Tim Challies – How Jesus Called Out False Teachers and Deadly Doctrine

It’s a good time to be a false teacher and to espouse deadly doctrine. It seems that today’s most brazen heretic will be granted a hearing and, in all likelihood, a book deal. Novelty is appealing, orthodoxy boring. It’s the ones who sound the warning and issue the challenge that bear the risk—the risk of being labelled “haters.” There’s more patience for those who smilingly subvert the truth than for those who boldly defend it. Conviction is a sign of arrogance, while humility is expressed in uncertainty. Love, it seems, requires us to bear patiently with any amount of error. And this kind of love, we are told, is modeled after Jesus. Jesus did not judge, Jesus welcomed all opinions, Jesus would have accepted different kinds of teachings — so long as those teachings contained love and hints of truth.

A quick scan of the gospels, however, shows that this impression is a far cry from the Jesus of the Bible. It shows that society has reimagined Jesus through the relativism of our day. When Jesus interacted with people who were seeking, wandering, or misguided, he was invariably compassionate. He answered them with patience and gentleness. But when Jesus engaged with religious hypocrites and false teachers, he responded with righteous fury and bold conviction.

Today, those who love the truth must learn how to show such bold conviction through the old discipline of polemics—the practice of engaging in public debate and dispute. The purpose of polemics is not to score points or flex theological muscle, but to rebuke peddlers of error and to express concern for those caught up in their lies. Like the ancient heretics of Crete, today’s false teachers “must be silenced, since they are upsetting whole families by teaching for shameful gain what they ought not to teach” (Titus 1:11). As we do this well, we imitate Jesus Christ who was a skilled polemicist.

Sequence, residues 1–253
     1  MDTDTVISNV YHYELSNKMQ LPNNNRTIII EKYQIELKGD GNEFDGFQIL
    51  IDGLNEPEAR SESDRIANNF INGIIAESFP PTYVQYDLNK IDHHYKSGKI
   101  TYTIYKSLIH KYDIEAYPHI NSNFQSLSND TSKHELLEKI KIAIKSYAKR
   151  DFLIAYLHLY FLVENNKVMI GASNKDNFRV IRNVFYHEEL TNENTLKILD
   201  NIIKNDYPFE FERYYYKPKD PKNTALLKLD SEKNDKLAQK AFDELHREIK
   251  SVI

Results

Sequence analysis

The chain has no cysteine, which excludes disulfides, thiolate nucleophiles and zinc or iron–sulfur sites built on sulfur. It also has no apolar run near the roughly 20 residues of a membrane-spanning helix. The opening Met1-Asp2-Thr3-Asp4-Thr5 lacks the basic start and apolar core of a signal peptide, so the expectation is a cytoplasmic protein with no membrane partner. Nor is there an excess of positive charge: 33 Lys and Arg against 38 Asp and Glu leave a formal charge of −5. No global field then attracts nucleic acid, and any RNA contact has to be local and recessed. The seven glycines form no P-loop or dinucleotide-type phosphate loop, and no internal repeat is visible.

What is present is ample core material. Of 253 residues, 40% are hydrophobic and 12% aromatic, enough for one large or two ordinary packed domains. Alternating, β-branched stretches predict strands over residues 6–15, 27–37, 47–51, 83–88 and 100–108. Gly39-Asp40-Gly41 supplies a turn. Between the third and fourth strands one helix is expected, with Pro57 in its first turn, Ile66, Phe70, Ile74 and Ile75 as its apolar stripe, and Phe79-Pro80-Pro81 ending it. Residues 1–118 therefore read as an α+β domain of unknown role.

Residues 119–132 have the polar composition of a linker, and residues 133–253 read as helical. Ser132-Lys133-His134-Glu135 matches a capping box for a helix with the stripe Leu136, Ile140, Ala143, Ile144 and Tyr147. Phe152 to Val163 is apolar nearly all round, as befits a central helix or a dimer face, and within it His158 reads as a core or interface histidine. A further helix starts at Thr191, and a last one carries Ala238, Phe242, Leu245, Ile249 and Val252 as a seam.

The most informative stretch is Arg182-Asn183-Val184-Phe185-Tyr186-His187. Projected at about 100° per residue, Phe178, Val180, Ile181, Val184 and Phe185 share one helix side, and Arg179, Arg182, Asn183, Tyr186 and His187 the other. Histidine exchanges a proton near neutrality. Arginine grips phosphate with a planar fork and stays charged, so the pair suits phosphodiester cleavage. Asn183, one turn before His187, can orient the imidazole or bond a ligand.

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Tim Challies – Deadly Doctrines: Facing Evil Like Snakes and Doves

Since its earliest days, the church has been plagued by false teachers and deadly doctrine. Never has there been a period of rest, a time when Christians could relax their guard. Satan has opposed the church since the day of its founding, and he will continue to oppose her until the day of his destruction.

Naturally, then, Paul was seriously concerned about false teachers and deadly doctrine, warning of them in almost every one of his letters. As he comes to the end of his letter to the Romans, he reminds the church to be on guard, since false teachers are skilled at using flattery and smooth words to deceive even believers. Paul loves this church and wants them to be aware of the challenges they will face from predatory teachers. But his solution may strike us as surprising. He tells these Christians “to be wise as to what is good and innocent as to what is evil” (Romans 16:19b).

Paul seems to be echoing Jesus here. In the book of Matthew, we read of Jesus sending out his disciples and warning them of impending persecution from enemies of the gospel. He tells them how to behave in the midst of such trials: “Behold, I am sending you out as sheep in the midst of wolves, so be wise as serpents and innocent as doves” (Matthew 10:16). Jesus and Paul both call for wisdom and innocence. Let’s see how these two passages instruct us on protecting ourselves and our churches from false teachers and their deadly doctrine.